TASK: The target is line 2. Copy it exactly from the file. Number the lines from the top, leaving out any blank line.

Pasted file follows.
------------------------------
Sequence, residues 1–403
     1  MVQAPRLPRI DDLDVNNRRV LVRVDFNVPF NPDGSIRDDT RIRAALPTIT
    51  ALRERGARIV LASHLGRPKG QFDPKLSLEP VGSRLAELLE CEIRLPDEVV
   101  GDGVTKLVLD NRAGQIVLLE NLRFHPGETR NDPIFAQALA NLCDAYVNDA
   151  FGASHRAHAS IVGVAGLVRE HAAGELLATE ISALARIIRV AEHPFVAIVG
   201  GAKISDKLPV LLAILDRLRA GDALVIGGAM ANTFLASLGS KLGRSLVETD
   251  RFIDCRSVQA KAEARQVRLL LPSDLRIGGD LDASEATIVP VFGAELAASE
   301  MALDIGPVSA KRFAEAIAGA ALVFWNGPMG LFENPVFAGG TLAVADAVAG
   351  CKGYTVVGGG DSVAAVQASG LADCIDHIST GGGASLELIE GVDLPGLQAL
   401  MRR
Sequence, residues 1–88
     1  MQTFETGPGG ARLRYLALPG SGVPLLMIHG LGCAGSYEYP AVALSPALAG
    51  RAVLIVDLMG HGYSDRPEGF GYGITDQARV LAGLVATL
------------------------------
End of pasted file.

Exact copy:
     1  MVQAPRLPRI DDLDVNNRRV LVRVDFNVPF NPDGSIRDDT RIRAALPTIT